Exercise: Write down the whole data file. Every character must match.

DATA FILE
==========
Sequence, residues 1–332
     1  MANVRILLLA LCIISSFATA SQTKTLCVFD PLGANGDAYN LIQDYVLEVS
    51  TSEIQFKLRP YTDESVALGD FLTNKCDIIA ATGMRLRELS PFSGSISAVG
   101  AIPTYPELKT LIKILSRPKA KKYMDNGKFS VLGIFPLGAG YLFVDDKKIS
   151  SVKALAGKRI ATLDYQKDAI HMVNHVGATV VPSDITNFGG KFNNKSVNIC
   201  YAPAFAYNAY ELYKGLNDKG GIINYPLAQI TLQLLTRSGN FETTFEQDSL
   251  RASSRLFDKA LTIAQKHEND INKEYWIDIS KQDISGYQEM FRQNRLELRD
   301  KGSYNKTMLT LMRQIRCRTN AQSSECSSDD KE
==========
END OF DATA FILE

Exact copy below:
Sequence, residues 1–332
     1  MANVRILLLA LCIISSFATA SQTKTLCVFD PLGANGDAYN LIQDYVLEVS
    51  TSEIQFKLRP YTDESVALGD FLTNKCDIIA ATGMRLRELS PFSGSISAVG
   101  AIPTYPELKT LIKILSRPKA KKYMDNGKFS VLGIFPLGAG YLFVDDKKIS
   151  SVKALAGKRI ATLDYQKDAI HMVNHVGATV VPSDITNFGG KFNNKSVNIC
   201  YAPAFAYNAY ELYKGLNDKG GIINYPLAQI TLQLLTRSGN FETTFEQDSL
   251  RASSRLFDKA LTIAQKHEND INKEYWIDIS KQDISGYQEM FRQNRLELRD
   301  KGSYNKTMLT LMRQIRCRTN AQSSECSSDD KE